Understaffing in Nursing Homes: A Hidden Crisis Leading to Neglect and Abuse

As the aging population in the United States continues to grow, the demand for quality nursing home care becomes increasingly important. Unfortunately, many nursing homes are chronically understaffed. The lack of staff significantly compromises the quality of care residents receive, sets staff up or failure, and puts residents’ lives in jeopardy. This article explores how insufficient staffing levels in nursing homes contribute to neglect and abuse, and what legal recourse may be available for affected individuals and their families. 

Understanding Understaffing in Nursing Homes

Understaffing in nursing homes occurs when there are not enough caregivers–nurses, nursing assistants, and support staff–to meet the needs of residents adequately. This shortage can be due to various factors, including budget constraints, high turnover rates, and difficulties in recruiting qualified personnel. Regardless of the cause, the impact of understaffing is profound and far-reaching.

The Direct Impact of Understaffing on Resident Care

  1. Increased Risk of Nursing Home Neglect: When nursing homes are understaffed, caregivers often have to manage an unmanageable number of residents. This can lead to significant neglect, as staff may not have sufficient time to assist each resident with daily activities such as bathing, eating, and personal hygiene. Neglect can result in severe physical and emotional harm, including malnutrition, dehydration, and poor personal hygiene. Residents may suffer from bedsores, infections, and a general decline in health due to the lack of adequate care.
  2. Higher Incidence of Medical Errors: Adequate staffing is crucial for proper medical care. Understaffed facilities often see a rise in medication errors, improper administration of treatments, and delayed medical interventions. These errors can have fatal consequences, especially for residents with complex medical conditions. For instance, missed doses or incorrect medication can exacerbate health issues, leading to severe complications or even death.
  3. Physical and Emotional Nursing Home Abuse: Stress levels among overworked staff can lead to frustration and burnout sometimes resulting in abusive behavior. Residents may suffer from verbal, physical or emotional abuse, as overstressed caregivers might lash out or use excessive force in handling residents. This abuse can leave lasting psychological scars and significantly reduce the quality of life for elderly residents.
  4. Increased Likelihood of Falls and Injuries: Nursing home residents often require assistance with mobility. Insufficient staffing means fewer staff members to help residents move safely, leading to an increased risk of falls and injuries. These incidents can be particularly dangerous for elderly residents, who may suffer serious complications from even minor injuries. Broken bones, head injuries, and other trauma can severely impact an elderly person’s health and independence.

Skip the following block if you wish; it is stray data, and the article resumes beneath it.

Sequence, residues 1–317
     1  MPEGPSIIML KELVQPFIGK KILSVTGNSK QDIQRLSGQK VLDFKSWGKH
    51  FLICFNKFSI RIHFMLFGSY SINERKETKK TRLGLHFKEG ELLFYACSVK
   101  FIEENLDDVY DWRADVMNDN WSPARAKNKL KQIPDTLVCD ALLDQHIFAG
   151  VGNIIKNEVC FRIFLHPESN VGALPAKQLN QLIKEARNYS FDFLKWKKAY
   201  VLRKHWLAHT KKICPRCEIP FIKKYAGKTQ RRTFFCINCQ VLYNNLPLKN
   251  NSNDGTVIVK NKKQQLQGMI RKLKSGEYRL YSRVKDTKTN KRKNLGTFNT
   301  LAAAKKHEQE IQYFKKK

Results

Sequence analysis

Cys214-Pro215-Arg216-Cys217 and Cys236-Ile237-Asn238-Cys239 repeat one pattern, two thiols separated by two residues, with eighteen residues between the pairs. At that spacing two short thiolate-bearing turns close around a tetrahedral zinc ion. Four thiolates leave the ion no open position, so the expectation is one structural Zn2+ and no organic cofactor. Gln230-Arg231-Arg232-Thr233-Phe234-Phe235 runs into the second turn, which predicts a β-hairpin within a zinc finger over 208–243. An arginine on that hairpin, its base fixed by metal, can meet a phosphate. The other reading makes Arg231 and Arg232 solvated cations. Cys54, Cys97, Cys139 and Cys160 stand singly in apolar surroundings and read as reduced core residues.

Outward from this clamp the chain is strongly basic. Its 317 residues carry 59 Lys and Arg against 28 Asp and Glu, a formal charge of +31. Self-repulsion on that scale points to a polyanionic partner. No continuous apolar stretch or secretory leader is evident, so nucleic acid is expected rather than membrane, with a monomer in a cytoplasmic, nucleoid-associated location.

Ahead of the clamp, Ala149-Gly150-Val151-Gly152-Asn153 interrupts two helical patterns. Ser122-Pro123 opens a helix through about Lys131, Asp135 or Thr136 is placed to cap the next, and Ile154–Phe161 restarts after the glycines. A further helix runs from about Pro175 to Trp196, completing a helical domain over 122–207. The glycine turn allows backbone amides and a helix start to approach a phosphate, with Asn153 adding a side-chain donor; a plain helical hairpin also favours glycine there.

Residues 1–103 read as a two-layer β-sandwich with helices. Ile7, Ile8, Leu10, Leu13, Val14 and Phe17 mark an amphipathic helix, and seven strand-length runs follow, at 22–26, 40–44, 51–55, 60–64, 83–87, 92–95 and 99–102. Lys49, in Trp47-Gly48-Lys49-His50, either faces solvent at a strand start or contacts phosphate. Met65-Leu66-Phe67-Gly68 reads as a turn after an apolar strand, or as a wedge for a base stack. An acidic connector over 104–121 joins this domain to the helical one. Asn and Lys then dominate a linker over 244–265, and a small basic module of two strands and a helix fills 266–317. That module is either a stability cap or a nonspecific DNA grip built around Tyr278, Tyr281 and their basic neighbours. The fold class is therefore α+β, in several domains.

5. Increased Likelihood for Infections and Delayed Diagnoses: Nursing homes are required to provide a safe sanitary environment that is free of infections. Proper infection control practices, including keeping surfaces and cooking areas sanitary, following infection control protocols, recognizing signs of infection, responding to signs of infection, and treating infections all require sufficient and well-trained staff. There is a direct link between a lack of nursing home staff and infections at nursing homes
  6. Increased Likelihood of Bedsores: Bedsores, also called pressure wounds, pressure ulcers, pressure injuries, and decubitus ulcers, can usually be directly tied to a lack of staff. Bedsores form when pressure is placed on an area of the body for so long that blood flow is limited. Without adequate blood flow, the tissue begins to open up and the tissue breaks creating a wound. The wound increases in depth, oftentimes exposing ligaments, tendons, or bones. The most basic way to prevent bedsores is by keeping the resident clean, dry, and turned. This means that the nursing staff needs to: (1) make sure the resident does not go to the bathroom on themselves or quickly change them if they do; (2) make sure the residents body, usually there buttocks and genitalia, are dry because moisture weakens the skin; and (3) making sure the resident is being turned or repositioned in their bed or wheelchair at least every 2 hours. Many nursing homes lack the staff to ensure that these most basic needs are met resulting in residents developing bedsores that are not only painful but life threatening. 
  7. Increased Likelihood of Choking: Nursing home residents should never choke or suffocate at a nursing home. Choking or suffocating is a surefire sign of nursing home neglect and abuse. The reason nursing home residents choke or suffocate is usually rooted in a lack of staff. Some residents are at a risk of choking because of underlying medical conditions that make swallowing difficult. These residents need a combination of speech therapy to help improve swallowing, diagnostic studies like a modified barium swallow (MBS) or fiberoptic endoscopic evaluation of swallowing (FEES) study, staff supervision, and food alternatives. All of these measures require staff to recognize these concerns, assess the resident, inform a physician or therapist of the problem, create a treatment plan for the resident, and then implement that plan. These steps cannot occur when a nursing home is understaffed. 
  8. Increased Likelihood of Dehydration or Malnutrition: Every nursing home resident is entitled to adequate hydration and nutrition. These are basic necessities of life. As we age, the level of assistance we need with eating and drinking increases. For some elderly patients with dementia or other cognitive limitations, they may need help even remembering to eat and may need encouragement when eating. Other residents may require hand-over-hand assistance because they do not have the physical ability to manipulate utensils. Other residents may need little more than the food being set up in a way that they can assist themselves. Understaffed nursing homes have a much higher rate of malnutrition and dehydration of residents because each of these tasks requires staff to present to assist the resident.